• Alanine aminotransferase (ALT) and aspartate aminotransferase (AST): enzymes that indicate how well the liver is functioning
    • Creatine kinase, including myocardial creatine kinase: an enzyme in the blood that may be indicative of muscle damage, including the heart muscle, and may be a sign of risk for disease progression in young patients
  • Urine
    • HEX4 portion of glucose tetrasaccharide, a component in urine that is indicative of glycogen accumulation and may suggest tissue damage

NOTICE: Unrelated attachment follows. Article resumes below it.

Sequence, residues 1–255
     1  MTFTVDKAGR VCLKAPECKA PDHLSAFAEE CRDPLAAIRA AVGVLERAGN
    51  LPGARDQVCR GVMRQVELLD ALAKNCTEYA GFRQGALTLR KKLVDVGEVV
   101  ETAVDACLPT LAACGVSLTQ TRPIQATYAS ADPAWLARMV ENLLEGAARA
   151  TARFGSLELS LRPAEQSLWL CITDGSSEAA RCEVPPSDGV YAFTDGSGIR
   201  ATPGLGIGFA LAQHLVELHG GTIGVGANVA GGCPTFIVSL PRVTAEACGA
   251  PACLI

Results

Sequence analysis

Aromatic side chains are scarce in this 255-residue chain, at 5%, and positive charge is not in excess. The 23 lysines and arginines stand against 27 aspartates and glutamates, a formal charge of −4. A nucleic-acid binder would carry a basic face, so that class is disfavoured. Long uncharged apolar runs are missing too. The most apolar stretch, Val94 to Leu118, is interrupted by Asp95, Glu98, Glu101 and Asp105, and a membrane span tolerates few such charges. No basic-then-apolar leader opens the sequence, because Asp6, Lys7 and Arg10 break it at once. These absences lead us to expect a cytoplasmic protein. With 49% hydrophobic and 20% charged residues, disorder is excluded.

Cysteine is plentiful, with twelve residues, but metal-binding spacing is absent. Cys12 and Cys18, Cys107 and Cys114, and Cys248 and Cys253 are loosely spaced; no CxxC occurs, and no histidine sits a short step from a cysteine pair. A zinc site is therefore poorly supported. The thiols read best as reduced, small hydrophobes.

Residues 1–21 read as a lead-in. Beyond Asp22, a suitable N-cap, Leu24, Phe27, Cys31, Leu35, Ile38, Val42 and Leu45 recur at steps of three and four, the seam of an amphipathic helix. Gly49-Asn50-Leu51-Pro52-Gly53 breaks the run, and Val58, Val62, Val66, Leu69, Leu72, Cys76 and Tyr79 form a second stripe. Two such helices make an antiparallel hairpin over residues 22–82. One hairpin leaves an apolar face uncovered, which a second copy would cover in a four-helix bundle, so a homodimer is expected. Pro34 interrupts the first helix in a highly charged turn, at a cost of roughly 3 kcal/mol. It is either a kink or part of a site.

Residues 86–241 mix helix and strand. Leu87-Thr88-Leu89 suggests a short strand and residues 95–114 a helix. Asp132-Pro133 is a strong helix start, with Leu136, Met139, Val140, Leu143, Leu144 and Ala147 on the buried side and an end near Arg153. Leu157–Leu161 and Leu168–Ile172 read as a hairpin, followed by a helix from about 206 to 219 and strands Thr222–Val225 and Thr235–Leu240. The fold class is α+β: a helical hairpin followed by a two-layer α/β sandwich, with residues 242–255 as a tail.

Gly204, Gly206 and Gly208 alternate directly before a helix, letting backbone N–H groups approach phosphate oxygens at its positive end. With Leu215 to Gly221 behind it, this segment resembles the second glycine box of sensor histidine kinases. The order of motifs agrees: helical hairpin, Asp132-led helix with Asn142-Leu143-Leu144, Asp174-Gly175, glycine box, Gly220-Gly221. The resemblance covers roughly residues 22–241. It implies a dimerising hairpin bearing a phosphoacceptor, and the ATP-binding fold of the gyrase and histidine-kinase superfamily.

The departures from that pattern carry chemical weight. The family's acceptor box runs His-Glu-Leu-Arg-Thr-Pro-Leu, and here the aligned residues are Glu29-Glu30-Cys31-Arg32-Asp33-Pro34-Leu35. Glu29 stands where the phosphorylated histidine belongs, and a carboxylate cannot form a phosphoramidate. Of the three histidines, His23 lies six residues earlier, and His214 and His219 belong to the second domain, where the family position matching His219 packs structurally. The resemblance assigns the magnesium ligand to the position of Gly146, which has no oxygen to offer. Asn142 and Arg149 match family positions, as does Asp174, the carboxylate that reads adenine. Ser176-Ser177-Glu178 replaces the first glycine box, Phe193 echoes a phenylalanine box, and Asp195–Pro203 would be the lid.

If a diagnosis is confirmed, your doctor may consider the Pompe Registry for your child.

Registries have proven to be especially valuable in gathering information and contributing to scientific publications for rare diseases like Pompe disease.

The Pompe Registry is sponsored and administered by Sanofi Genzyme Corporation. Information submitted to the Pompe Registry will be maintained as confidential.